Their argument in California is that insurers should spend a minimum of 85 percent of their revenue on services
The California Medical Association (CMA) says it has found more than $1 billion that can be spent on health care in the state. And it’s all in the hands of a short list of the state’s for-profit health plans.
The physician group has been championing a bill that would require health plans to spend a minimum of 85 percent of their revenue on claims. The other 15 percent may be used for administrative costs and profits, says the CMA as it wages a new battle in the long-running tug of war between providers and private payers.
From the physicians’ perspective, restricting profits and administrative costs to 15 percent of revenue would help to put a brake on the steady erosion of benefits and rise in premiums.
Armed with a new Rand report on MLR rates, the state’s managed care association is fighting back. Those much maligned administrative costs, they say, also cover important customer services aimed at improving care. Trying to engineer a simple formula restricting profitability and overhead completely ignores the medical cost inflation that is chiefly to blame for those rising premiums and declining benefits.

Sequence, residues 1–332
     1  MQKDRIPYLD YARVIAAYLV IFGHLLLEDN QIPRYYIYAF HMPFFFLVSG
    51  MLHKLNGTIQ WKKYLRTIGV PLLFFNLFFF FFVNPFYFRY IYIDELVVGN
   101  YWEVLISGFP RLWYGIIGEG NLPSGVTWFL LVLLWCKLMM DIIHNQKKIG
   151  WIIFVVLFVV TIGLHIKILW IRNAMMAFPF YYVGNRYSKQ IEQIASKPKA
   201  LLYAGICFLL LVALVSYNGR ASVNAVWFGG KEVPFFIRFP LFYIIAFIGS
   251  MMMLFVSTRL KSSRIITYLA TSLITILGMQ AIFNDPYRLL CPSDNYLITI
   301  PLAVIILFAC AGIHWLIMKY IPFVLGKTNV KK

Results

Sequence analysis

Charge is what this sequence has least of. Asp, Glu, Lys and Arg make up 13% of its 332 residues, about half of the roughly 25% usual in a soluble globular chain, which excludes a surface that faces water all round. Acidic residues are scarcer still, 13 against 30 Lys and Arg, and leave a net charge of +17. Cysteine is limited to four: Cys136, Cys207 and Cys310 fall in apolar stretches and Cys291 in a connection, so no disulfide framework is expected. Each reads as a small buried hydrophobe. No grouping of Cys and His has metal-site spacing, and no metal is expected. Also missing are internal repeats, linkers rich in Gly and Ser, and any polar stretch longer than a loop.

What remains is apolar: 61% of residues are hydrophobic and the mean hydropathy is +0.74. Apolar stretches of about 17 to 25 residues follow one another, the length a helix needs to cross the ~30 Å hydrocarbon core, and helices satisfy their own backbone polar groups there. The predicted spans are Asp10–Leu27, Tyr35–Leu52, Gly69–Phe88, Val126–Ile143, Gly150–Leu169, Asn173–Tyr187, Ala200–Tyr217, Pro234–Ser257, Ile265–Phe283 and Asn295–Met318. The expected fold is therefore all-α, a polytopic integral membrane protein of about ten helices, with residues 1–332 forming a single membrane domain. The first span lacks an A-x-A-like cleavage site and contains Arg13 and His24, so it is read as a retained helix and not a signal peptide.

The California legislature had until the end of August to resolve the argument, just past MANAGED CARE’s deadline. But advocates say that regardless of California’s decision, this argument has a long way to run — from California to Maine. The number crunching in California this summer is a lesson in managed care economics that has already fed a growing debate over private Medicare plans’ efficiency.
“As health care costs rise, there’s increasing concern that we are not spending health care dollars wisely,” says CMA spokesman Ned Wigglesworth. “That concern is exacerbated by the administrative costs and profit that we see in the insurance industry.”
Pressure on costs
At the top of CMA’s list is Great-West Healthcare of California, with the lowest MLR of all, 69.4 percent. “Great-West has declined every year since 2003, when they reported an 86 percent MLR,” says the CMA report.
Blue Cross of California, now Anthem Blue Cross, had an MLR of 79 percent. If the 11 plans with an MLR under 85 percent had met that higher threshold, adds the CMA, California would have had an extra $1.1 billion spent on health care. Blue Cross alone accounted for $700 million of the difference. More than half of the state’s health plans are required to cap administrative expenses at 15 percent, but this figure does not include profit.
Only one for-profit made the CMA’s list of 10 top-performing plans: Cigna Healthcare of California spent 94.3 percent of its revenue on care and lost 0.5 percent while spending 6.1 percent on administration. Others at the top: L.A. Care Health Plan (97.1 percent), Inland Empire Health Plan (93.1 percent), and Kaiser Foundation Health Plan (90.6 percent).
New research from Rand, though, shows that medical loss already accounts for an average of 89 percent of all HMO revenue in the state, and that the average remained steady from 2002 to 2006. Medical cost inflation, meanwhile, continues.